Lymph node metastasis and the physicochemical micro-environment of pancreatic ductal adenocarcinoma xenografts
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Lise Mari K. Andersen1, Catherine S. Wegner1, Trude G. Simonsen1, Ruixia Huang1, Jon-Vidar Gaustad1, Anette Hauge1, Kanthi Galappathi1 and Einar K. Rofstad1
1Group of Radiation Biology and Tumor Physiology, Department of Radiation Biology, Institute for Cancer Research, Oslo University Hospital, Oslo, Norway
Einar K. Rofstad, email: email@example.com
Keywords: pancreatic carcinoma, metastasis, angiogenesis, hypoxia, interstitial fluid pressure
Received: December 02, 2016 Accepted: May 01, 2017 Published: May 26, 2017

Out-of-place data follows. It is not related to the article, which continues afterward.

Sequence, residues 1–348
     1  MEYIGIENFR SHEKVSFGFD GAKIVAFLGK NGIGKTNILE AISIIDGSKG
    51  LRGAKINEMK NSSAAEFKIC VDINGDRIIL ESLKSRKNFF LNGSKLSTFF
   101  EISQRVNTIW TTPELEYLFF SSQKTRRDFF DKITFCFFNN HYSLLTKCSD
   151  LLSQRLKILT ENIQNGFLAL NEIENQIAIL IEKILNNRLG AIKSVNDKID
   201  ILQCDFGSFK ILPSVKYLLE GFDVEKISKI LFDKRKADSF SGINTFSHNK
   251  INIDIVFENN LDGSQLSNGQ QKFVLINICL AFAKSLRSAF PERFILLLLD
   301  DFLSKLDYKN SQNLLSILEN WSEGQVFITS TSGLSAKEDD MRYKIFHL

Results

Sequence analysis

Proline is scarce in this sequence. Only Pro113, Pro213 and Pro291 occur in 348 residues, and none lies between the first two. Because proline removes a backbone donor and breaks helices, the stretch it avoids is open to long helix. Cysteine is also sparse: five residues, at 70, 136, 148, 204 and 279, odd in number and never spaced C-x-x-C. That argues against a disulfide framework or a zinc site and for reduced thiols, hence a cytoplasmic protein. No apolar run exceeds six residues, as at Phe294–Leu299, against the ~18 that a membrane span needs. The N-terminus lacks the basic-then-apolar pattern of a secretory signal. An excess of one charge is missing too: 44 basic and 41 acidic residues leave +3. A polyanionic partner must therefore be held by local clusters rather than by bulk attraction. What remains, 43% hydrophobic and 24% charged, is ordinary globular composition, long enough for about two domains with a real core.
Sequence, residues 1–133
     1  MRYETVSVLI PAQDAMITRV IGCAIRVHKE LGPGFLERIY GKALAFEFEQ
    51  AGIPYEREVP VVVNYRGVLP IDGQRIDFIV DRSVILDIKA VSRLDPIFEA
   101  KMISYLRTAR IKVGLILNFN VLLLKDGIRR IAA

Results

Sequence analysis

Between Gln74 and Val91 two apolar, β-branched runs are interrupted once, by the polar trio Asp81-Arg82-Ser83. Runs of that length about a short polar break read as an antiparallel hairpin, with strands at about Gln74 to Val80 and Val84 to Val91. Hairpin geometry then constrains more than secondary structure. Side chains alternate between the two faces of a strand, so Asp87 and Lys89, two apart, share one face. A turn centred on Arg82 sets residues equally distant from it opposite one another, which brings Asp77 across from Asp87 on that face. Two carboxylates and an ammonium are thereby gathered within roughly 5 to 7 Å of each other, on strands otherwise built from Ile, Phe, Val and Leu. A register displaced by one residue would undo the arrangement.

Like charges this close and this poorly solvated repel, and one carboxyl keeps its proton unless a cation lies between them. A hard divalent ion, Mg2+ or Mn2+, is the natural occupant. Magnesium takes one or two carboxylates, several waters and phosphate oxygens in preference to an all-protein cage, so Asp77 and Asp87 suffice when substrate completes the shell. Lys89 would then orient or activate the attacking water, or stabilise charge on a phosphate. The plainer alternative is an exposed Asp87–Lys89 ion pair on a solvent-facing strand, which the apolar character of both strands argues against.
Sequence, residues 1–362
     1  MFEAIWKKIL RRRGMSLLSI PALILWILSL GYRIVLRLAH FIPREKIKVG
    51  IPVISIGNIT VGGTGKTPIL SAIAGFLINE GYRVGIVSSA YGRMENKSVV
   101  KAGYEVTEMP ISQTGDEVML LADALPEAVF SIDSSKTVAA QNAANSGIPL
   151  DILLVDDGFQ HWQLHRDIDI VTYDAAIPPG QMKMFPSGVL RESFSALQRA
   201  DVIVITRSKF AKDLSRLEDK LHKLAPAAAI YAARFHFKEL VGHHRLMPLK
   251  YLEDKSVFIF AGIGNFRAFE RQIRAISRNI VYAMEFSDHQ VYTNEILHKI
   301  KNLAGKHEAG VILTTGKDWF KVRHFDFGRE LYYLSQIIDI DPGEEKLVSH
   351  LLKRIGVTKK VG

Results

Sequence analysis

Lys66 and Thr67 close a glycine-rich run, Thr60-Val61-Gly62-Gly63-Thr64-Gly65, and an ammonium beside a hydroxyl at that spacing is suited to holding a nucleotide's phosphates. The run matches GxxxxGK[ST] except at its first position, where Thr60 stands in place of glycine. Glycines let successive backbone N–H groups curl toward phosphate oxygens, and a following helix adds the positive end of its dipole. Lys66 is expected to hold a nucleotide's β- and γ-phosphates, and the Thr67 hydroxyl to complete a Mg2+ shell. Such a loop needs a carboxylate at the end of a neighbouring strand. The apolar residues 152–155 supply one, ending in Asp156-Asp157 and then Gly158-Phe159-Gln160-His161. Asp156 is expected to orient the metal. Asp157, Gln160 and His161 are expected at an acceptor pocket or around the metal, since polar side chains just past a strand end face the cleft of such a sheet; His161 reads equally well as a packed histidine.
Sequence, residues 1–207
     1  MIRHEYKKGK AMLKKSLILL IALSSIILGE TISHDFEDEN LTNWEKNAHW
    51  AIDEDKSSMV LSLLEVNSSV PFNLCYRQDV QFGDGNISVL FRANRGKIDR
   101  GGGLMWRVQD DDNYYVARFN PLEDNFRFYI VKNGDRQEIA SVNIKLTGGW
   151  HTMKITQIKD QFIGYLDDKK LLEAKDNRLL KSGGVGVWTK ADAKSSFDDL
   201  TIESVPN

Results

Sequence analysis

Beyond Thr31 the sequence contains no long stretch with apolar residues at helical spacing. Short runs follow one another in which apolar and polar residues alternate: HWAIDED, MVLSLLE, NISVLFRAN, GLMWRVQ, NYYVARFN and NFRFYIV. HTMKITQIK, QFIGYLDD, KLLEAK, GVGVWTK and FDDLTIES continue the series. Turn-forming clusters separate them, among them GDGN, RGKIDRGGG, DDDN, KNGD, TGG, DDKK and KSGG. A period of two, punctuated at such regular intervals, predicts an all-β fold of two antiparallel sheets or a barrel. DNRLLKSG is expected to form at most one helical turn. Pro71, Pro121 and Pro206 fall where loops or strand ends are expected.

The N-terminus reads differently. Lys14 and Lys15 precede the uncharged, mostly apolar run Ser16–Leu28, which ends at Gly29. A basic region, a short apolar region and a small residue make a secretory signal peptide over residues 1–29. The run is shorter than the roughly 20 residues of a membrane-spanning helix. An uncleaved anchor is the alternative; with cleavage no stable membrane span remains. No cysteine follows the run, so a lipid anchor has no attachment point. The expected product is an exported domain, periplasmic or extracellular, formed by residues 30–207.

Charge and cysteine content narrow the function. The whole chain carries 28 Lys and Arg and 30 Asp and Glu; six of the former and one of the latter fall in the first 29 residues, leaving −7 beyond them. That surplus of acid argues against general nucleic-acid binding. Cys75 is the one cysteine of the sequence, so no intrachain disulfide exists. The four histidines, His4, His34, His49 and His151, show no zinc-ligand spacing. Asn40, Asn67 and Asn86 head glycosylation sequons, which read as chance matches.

Pancreatic ductal adenocarcinoma (PDAC) patients develop lymph node metastases early and have a particularly poor prognosis. The poor prognosis has been shown to be associated with the physicochemical microenvironment of the tumor tissue, which is characterized by desmoplasia, abnormal microvasculature, extensive hypoxia, and highly elevated interstitial fluid pressure (IFP). In this study, we searched for associations between lymph node metastasis and features of the physicochemical microenvironment in an attempt to identify mechanisms leading to metastatic dissemination and growth. BxPC-3 and Capan-2 PDAC xenografts were used as preclinical models of human PDAC. In both models, lymph node metastasis was associated with high IFP rather than high fraction of hypoxic tissue or high microvascular density. Seven angiogenesis-related genes associated with high IFP-associated lymph node metastasis were detected by quantitative PCR in each of the models, and these genes were all up-regulated in high IFP/highly metastatic tumors. Three genes were mutual for the BxPC-3 and Capan-2 models: transforming growth factor beta, angiogenin, and insulin-like growth factor 1. Further comprehensive studies are needed to determine whether there is a causal relationship between the up-regulation of these genes and high IFP and/or high propensity for lymph node metastasis in PDAC.
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